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Ethical Treatment for All Youth

www.ethicaltreatment.org
Email: etay@ethicaltreatment.org

About the author

ANONYMOUS, 6-10

I am a printshop owner.  I am a husband. I am a victim of sexual abuse. I am also a level 1 sex offender. When I was 3 my father left. My mother married my  stepfather when I was 5. When I was between the ages of 6-8 my stepfather sexually and physically abused my two sisters, my brother, and me. I will not go into the details, as they are long, complex, and graphic. My mother tried to protect us, but he abused her too.

When I was 7, my older brother, who was 12, left to go live with his father. Then my stepfather focused on me and my sisters. We would be forced to perform sexual acts on each other while my stepfather watched, participated, and took pictures. When I was 8, I told my teacher, but my school called my stepfather and asked him if it was true. He denied it. We moved the next week.

Right before I turned 9, he left. About a year after he left, I sexually molested my sisters one night while watching them, and I attempted to have sex with one of them. Three months later I tried to commit suicide. Three days after this, my mom came to me and said I was going on a trip. She helped me pack a suitcase. She told me I was going to have fun, gave me $20, and took me to Children's Hospital. From that point on I became a ward of the state.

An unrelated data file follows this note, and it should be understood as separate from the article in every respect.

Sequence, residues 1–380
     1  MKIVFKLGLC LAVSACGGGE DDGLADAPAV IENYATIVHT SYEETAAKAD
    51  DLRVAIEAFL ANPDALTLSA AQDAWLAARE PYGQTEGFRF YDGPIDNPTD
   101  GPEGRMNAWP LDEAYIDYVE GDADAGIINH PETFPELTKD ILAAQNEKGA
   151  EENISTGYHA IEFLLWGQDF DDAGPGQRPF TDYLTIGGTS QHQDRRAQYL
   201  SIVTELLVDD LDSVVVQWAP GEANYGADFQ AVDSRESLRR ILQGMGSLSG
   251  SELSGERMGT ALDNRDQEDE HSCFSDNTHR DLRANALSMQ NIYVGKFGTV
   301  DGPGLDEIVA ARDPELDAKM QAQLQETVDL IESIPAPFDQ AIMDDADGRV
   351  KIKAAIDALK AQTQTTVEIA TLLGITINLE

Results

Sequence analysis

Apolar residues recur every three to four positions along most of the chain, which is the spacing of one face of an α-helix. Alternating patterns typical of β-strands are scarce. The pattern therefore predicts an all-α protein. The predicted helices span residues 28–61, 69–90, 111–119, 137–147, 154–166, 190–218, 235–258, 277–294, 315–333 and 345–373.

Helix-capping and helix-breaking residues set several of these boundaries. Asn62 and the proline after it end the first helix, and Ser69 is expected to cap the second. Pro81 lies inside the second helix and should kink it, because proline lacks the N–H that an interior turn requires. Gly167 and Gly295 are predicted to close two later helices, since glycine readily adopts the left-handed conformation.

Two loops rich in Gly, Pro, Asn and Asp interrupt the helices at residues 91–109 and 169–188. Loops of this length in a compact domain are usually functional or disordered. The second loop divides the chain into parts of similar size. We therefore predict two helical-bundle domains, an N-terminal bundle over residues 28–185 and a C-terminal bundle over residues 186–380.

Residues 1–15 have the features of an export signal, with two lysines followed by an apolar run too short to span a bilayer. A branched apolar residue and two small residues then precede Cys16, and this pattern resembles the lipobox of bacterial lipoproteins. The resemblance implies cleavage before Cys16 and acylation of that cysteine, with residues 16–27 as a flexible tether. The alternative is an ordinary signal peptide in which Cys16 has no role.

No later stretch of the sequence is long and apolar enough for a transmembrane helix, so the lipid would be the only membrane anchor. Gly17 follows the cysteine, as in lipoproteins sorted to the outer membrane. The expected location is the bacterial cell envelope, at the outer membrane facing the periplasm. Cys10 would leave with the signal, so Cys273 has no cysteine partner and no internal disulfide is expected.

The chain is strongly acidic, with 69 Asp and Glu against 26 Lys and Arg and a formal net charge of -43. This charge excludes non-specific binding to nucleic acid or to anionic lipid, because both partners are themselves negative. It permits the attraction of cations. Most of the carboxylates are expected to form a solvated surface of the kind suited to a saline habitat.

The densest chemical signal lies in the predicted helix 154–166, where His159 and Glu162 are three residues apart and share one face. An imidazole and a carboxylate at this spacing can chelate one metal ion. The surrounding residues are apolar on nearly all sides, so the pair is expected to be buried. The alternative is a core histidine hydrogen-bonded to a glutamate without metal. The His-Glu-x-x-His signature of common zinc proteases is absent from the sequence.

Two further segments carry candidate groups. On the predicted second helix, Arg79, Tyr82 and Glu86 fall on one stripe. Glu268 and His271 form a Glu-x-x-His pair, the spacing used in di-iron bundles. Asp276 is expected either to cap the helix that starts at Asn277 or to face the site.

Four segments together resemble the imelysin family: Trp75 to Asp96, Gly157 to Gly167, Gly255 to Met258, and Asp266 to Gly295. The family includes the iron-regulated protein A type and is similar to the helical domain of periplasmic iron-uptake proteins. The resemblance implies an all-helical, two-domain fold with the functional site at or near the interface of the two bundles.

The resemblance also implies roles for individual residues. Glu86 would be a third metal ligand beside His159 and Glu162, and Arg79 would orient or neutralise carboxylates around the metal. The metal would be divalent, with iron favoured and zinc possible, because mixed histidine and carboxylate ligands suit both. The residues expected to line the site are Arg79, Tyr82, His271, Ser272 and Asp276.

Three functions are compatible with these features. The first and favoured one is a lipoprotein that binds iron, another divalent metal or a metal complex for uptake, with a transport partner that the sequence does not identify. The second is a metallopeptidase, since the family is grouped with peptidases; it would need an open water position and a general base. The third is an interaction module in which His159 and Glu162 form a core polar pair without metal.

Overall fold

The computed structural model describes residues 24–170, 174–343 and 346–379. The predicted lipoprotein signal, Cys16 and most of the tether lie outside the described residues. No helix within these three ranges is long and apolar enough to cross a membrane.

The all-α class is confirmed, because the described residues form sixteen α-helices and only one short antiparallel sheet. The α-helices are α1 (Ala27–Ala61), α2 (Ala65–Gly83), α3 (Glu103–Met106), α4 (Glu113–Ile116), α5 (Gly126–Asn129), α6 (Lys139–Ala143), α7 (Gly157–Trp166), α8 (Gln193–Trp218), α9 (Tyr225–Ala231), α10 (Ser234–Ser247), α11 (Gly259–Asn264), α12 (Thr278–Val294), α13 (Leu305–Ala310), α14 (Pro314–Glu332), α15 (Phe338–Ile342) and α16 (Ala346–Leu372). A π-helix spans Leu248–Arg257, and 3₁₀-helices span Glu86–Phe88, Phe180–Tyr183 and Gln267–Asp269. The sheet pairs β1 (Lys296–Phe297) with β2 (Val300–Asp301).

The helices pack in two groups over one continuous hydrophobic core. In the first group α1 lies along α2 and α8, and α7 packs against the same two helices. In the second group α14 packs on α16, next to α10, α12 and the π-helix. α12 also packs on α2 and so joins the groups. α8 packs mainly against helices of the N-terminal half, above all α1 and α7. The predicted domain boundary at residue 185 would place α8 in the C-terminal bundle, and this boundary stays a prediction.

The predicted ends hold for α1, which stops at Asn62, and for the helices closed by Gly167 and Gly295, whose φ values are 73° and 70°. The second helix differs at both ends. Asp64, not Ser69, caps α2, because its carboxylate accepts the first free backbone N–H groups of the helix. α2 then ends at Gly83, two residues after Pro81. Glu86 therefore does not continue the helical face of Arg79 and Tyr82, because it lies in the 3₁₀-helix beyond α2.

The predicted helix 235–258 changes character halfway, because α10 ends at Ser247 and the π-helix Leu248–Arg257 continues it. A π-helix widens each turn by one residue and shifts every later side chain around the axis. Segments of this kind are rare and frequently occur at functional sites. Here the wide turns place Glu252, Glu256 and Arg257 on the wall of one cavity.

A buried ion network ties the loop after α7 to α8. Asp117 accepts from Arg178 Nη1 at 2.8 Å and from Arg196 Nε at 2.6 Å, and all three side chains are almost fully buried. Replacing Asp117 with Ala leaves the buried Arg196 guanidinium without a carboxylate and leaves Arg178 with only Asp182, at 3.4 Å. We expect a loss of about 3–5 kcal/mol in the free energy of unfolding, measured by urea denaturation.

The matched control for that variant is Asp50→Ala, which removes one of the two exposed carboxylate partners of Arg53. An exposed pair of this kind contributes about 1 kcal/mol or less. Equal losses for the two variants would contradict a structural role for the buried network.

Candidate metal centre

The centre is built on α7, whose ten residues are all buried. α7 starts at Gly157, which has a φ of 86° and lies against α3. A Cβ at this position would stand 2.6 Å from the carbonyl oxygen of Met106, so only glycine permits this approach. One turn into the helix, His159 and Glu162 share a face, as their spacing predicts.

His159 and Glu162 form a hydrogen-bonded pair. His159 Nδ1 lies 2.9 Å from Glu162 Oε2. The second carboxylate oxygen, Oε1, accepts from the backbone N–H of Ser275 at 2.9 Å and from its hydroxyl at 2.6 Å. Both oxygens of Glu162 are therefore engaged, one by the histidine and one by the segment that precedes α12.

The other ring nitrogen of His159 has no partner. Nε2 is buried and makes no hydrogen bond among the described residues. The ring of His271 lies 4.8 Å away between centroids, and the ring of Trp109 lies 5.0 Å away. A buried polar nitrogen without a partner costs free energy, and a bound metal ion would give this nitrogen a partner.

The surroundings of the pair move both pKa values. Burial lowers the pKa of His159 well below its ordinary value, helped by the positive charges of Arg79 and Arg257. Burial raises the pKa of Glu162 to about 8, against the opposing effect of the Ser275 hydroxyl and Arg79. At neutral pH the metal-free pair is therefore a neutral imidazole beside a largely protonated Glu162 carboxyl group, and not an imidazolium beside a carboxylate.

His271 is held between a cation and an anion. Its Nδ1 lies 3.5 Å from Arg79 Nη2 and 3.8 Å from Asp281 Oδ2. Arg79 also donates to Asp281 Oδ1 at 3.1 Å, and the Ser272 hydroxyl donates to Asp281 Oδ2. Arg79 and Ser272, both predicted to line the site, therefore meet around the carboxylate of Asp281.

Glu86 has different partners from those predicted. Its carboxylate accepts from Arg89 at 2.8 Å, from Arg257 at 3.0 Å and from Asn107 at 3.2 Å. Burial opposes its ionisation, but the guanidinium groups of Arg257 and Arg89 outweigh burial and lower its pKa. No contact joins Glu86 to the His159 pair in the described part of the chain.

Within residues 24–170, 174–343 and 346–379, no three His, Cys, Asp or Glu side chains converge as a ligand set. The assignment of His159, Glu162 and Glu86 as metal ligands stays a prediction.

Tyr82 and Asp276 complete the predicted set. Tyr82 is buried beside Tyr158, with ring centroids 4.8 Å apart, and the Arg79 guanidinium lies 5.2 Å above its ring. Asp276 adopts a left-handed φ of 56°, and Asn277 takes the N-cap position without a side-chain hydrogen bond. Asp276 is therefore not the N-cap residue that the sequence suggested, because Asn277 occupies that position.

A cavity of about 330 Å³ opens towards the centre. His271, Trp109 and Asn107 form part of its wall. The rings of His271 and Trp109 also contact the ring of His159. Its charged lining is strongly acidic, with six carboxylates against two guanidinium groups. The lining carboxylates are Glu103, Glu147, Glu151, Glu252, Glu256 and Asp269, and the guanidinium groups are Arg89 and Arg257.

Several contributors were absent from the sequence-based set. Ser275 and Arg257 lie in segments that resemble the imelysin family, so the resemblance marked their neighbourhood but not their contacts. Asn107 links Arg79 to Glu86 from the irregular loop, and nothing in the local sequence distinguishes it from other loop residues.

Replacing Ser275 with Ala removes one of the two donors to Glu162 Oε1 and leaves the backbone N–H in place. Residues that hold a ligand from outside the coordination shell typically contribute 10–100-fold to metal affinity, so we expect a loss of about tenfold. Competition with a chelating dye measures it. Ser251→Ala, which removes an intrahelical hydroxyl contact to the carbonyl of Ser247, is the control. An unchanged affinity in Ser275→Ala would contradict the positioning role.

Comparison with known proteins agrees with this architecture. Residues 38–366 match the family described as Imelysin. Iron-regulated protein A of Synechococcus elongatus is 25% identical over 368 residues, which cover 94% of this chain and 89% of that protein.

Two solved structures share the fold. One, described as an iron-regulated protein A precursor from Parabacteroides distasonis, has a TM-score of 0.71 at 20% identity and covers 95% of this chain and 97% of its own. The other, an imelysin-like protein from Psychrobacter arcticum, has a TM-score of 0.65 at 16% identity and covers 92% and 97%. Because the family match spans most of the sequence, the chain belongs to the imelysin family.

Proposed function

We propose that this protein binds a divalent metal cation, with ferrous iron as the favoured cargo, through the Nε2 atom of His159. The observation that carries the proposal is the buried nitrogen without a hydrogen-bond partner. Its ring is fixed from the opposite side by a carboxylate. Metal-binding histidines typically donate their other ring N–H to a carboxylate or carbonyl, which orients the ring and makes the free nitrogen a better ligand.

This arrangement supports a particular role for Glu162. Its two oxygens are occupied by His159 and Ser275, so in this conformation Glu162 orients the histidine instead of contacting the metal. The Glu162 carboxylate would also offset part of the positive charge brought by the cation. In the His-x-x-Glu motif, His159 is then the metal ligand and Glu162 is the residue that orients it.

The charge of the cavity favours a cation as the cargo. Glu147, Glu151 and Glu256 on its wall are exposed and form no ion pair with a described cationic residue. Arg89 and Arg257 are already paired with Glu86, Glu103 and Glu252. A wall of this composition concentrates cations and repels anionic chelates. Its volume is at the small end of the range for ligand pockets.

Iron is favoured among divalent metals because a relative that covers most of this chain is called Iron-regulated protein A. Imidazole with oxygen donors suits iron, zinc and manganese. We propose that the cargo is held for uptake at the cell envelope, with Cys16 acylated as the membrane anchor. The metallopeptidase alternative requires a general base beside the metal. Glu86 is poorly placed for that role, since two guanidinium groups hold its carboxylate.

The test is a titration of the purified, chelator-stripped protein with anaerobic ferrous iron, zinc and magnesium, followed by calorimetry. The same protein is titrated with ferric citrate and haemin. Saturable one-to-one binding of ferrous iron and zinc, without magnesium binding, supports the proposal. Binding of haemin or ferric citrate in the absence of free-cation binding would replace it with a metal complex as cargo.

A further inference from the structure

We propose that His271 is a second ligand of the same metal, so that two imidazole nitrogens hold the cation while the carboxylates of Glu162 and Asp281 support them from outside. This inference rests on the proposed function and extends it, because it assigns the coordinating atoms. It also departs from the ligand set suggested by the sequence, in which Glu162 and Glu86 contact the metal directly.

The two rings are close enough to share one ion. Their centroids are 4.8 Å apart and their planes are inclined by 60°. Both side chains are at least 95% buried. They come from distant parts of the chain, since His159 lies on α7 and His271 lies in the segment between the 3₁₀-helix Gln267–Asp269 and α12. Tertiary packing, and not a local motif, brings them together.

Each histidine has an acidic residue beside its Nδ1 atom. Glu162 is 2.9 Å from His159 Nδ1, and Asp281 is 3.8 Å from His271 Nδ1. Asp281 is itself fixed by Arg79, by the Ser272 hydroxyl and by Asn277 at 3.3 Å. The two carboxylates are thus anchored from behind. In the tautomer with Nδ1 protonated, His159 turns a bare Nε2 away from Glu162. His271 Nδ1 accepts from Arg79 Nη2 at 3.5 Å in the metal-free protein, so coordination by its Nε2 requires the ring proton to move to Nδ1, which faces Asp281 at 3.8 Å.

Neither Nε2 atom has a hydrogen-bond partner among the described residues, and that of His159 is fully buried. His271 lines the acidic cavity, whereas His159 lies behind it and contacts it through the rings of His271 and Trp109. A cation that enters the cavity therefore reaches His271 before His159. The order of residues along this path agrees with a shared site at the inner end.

I was there for the next six months. From there I was moved to a boys' home, where I spent the next 3 1/2 years years in treatment. In therapy, I disclosed all the sexual and physical abuse I had gone through. When they thought I had made enough progress  I was placed with a foster family. I continued my therapy there with a psychologist every week. In March of '93, three months before the end of my sophomore year, my foster family moved.  And I spent the next month being moved from shelter to foster night bed.

One day my social worker told me there was no place for me to go. He gave me four bus tokens and the 800 number for DSHS. He told me I could get meals at a center downtown, and he told me to check in every week. I slept under a viaduct and sometimes had to eat out of garbage cans for food. I hit the street life hard, turning to alcohol and drugs. In July I was assaulted one night under the viaduct and was beat up pretty bad. Six days later I was admitted to the hospital with pneumonia.